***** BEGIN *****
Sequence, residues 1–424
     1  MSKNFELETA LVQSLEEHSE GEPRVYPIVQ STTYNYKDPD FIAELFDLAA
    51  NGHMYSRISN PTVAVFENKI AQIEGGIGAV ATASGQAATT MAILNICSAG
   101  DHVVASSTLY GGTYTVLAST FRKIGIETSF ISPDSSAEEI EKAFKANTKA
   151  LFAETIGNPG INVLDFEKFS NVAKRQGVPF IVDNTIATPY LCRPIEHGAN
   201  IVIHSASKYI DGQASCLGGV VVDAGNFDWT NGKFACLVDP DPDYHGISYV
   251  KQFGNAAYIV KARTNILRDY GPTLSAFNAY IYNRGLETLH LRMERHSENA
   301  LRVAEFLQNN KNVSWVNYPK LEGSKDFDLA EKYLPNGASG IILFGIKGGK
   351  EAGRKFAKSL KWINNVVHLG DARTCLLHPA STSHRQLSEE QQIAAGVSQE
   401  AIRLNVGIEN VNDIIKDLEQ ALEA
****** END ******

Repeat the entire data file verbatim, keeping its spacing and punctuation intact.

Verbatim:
Sequence, residues 1–424
     1  MSKNFELETA LVQSLEEHSE GEPRVYPIVQ STTYNYKDPD FIAELFDLAA
    51  NGHMYSRISN PTVAVFENKI AQIEGGIGAV ATASGQAATT MAILNICSAG
   101  DHVVASSTLY GGTYTVLAST FRKIGIETSF ISPDSSAEEI EKAFKANTKA
   151  LFAETIGNPG INVLDFEKFS NVAKRQGVPF IVDNTIATPY LCRPIEHGAN
   201  IVIHSASKYI DGQASCLGGV VVDAGNFDWT NGKFACLVDP DPDYHGISYV
   251  KQFGNAAYIV KARTNILRDY GPTLSAFNAY IYNRGLETLH LRMERHSENA
   301  LRVAEFLQNN KNVSWVNYPK LEGSKDFDLA EKYLPNGASG IILFGIKGGK
   351  EAGRKFAKSL KWINNVVHLG DARTCLLHPA STSHRQLSEE QQIAAGVSQE
   401  AIRLNVGIEN VNDIIKDLEQ ALEA